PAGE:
4. Microorganism sensing of and responding to ambient chemical gradients regulates a myriad of microbial processes that are fundamental to ecosystem function and human health and disease. The development of efficient, high-throughput screening tools for microbial chemotaxis is essential to disentangling the roles of diverse chemical compounds and concentrations that control cell nutrient uptake, chemorepulsion from toxins, and microbial pathogenesis. Here, we present a novel microfluidic multiplexed chemotaxis device (MCD) which uses serial dilution to simultaneously perform six parallel bacterial chemotaxis assays that span five orders of magnitude in chemostimulant concentration on a single chip. We first validated the dilution and gradient generation performance of the MCD, and then compared the measured chemotactic response of an established bacterial chemotaxis system (Vibrio alginolyticus) to a standard microfluidic assay. Next, the MCD’s versatility was assessed by quantifying the chemotactic responses of different bacteria (Psuedoalteromonas haloplanktis, Escherichia coli) to different chemoattractants and chemorepellents. The MCD vastly accelerates the chemotactic screening process, which is critical to deciphering the complex sea of chemical stimuli underlying microbial responses.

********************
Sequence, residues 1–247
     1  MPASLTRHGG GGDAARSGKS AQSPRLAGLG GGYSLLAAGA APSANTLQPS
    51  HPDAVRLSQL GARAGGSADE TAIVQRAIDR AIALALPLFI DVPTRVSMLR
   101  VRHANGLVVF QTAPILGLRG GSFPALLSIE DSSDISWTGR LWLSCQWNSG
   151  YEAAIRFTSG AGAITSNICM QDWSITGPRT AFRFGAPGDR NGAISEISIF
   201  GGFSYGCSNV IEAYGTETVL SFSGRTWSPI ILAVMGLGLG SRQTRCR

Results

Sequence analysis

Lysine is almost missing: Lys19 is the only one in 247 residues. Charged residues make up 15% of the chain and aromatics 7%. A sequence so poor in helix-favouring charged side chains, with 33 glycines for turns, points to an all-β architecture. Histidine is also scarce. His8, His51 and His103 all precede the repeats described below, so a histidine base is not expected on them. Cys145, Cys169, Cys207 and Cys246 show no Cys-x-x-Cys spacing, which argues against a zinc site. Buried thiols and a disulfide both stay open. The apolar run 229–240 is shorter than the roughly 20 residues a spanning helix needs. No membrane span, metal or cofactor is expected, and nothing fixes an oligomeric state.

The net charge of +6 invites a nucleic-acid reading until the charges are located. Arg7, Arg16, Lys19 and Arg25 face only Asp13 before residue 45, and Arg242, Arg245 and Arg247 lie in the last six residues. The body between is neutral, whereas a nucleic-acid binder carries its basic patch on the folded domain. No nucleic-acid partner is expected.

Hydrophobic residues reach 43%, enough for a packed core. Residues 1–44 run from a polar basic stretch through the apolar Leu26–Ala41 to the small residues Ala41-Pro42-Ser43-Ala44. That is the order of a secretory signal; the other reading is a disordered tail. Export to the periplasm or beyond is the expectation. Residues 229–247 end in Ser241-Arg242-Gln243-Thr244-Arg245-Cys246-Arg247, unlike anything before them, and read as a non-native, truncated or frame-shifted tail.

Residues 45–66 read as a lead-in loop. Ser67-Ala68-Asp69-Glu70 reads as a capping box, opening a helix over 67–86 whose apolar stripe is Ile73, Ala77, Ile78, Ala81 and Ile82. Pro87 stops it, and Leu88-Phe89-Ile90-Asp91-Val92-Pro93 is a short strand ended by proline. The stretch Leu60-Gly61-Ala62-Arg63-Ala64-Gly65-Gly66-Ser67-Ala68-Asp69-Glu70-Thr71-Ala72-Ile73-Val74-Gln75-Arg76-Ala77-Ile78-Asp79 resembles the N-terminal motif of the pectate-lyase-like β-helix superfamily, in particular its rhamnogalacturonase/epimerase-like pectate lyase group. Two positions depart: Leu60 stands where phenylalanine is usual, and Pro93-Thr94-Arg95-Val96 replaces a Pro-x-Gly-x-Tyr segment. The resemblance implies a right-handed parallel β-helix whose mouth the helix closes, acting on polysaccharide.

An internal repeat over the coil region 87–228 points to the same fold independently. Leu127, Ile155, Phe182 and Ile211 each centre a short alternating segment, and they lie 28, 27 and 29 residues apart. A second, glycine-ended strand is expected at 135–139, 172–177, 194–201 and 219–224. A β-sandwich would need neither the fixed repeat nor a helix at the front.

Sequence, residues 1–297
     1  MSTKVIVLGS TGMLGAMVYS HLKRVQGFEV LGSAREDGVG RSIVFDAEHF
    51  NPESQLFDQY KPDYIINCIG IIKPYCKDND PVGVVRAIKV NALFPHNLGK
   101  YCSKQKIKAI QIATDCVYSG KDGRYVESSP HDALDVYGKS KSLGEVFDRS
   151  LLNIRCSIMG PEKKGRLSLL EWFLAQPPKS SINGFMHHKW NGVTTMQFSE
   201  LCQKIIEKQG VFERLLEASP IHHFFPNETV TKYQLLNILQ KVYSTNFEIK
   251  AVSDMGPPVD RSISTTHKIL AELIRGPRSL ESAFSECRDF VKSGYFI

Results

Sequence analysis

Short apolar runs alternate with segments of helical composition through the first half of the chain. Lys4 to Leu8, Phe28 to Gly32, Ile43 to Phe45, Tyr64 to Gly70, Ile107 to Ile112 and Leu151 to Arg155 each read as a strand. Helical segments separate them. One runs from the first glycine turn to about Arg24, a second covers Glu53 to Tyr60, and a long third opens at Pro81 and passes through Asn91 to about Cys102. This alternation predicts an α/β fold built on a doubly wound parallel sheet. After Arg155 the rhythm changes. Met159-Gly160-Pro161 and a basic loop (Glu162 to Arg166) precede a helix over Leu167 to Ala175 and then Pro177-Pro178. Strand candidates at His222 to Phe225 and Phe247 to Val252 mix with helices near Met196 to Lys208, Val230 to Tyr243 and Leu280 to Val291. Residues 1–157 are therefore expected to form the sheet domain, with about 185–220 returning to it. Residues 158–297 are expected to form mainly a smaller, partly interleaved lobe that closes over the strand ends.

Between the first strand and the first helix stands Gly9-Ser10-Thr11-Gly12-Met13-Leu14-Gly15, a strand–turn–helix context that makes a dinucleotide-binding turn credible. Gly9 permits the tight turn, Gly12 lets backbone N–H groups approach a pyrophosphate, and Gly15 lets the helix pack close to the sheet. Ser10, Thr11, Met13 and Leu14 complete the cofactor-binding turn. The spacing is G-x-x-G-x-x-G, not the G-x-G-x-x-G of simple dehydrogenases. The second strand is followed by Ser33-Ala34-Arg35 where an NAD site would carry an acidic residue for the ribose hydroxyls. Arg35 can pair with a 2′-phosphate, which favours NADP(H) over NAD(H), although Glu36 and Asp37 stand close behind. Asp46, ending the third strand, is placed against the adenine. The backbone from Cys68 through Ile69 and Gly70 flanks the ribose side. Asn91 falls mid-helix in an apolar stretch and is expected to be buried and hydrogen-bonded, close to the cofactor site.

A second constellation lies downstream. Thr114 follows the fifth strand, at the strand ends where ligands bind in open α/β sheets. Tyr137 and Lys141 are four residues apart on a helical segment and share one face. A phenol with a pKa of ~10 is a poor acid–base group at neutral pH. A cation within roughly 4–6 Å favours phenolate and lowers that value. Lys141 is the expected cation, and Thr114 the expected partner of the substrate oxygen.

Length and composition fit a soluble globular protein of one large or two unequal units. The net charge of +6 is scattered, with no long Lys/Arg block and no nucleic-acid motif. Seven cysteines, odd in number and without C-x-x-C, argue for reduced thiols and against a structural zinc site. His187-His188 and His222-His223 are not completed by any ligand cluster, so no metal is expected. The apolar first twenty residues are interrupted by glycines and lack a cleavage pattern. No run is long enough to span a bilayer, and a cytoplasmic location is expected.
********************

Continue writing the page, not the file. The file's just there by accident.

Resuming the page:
more » « less